Lava Lamp Project: Density and Neutralization






This week I found a very fun way to teach children at my STEAM class about different densities and chemical reaction of neutralization between acids and bases. We made a glowing lava lamp.


Materials needed: Vegetable oil, Food coloring, Small cup, Baking soda, Vinegar, Long Bottle/cup, Spoon, Flashlight, Dark Room

Procedure:

  1. Take out your long bottle or tall cup and add three table spoons to the bottom of it and make sure it covers the entire bottom of the bottle/cup.

  2. Now in the same long bottle/tall cup fill two thirds of the container with vegetable oil, however this also works with olive oil.

  3. In your SMALL cup, fill about half the cup with vinegar and add your food coloring. This will be the floating bubbles inside your mixture.

  4. Now add drops of the vinegar solution into your large bottle/tall cup.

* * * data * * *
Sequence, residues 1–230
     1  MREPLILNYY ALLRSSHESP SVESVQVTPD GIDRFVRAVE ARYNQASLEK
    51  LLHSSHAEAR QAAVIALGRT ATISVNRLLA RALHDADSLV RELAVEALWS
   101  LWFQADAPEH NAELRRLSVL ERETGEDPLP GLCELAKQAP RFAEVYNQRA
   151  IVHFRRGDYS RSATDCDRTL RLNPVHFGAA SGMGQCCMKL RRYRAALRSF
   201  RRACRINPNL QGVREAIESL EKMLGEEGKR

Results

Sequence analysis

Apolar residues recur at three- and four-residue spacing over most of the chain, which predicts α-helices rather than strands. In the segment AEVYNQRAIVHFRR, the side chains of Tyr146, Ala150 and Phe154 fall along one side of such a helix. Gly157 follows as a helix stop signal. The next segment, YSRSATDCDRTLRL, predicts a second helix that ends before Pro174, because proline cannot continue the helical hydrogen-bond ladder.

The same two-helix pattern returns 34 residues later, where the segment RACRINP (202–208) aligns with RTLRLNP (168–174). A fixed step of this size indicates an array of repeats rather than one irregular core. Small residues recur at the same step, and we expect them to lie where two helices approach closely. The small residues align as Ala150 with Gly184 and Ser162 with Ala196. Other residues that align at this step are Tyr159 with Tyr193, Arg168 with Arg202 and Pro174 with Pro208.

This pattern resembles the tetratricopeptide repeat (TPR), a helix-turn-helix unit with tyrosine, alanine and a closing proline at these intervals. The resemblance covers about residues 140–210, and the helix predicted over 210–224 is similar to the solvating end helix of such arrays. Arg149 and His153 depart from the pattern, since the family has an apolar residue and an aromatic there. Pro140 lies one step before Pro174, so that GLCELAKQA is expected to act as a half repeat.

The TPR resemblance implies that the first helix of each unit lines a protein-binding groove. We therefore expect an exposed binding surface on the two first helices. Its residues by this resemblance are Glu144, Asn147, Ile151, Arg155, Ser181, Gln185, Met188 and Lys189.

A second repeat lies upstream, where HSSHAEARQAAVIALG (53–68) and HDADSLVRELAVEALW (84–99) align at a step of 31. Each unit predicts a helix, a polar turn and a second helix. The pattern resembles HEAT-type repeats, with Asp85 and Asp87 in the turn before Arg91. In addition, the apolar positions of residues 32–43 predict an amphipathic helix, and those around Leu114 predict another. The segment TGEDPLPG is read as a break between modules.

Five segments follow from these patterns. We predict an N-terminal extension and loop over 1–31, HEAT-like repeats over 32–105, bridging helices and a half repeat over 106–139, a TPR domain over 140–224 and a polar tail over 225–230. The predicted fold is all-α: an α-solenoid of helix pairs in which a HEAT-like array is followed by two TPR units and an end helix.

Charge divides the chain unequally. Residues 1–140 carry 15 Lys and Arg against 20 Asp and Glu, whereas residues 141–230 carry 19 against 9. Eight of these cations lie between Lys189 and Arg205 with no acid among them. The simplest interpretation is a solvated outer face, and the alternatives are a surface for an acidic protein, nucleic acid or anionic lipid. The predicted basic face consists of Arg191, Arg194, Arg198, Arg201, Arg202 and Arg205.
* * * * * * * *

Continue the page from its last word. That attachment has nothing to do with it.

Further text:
5. To make your lava lamp glow, step into a dark room and turn on a flashlight to put under the bottle. Your lava lamp should start to glow.

Here is a video to watch that can show you the procedure and the finished project: https://www.youtube.com/watch?time_continue=228&v=EdSZRmIj4gA&feature=emb_title


Science behind the Lava Lamp: The oil and vinegar have different densities. Vinegar is more dense than vegetable oil, which is why the vinegar droplets sink to the bottom of the tall container. Once the vinegar droplets reach the bottom of the container, it begins to react with the baking soda. The chemical reaction between the vinegar (CH3COOH) and baking soda (NaHCO3) creates sodium acetate (CH3COONa), water (H2O) and the carbon dioxide (CO2). Carbon dioxide creates the bubbles that you will notice in your own lava lamp.This reaction is between acid (acetic acid in vinegar) and base (sodium bicarbonate in baking soda) that creates new components: the salt-sodium acetate, water and carbon dioxide. In chemistry, acids and bases neutralize each other and general formula for the reaction is acid+base=salt+water. That what happened in our lava lamp with addition of carbon dioxide that made the bubbles.

Just a quick suggestion: If you are using olive oil I have found that making a darker blue vinegar mixture looks very cool. WARNING: DO NOT CAP THE BOTTLE THAT IS YOUR LAVA LAMP.

https://curiousandgeeks.com/how-make-lava-lamp-without-alka-seltzer/

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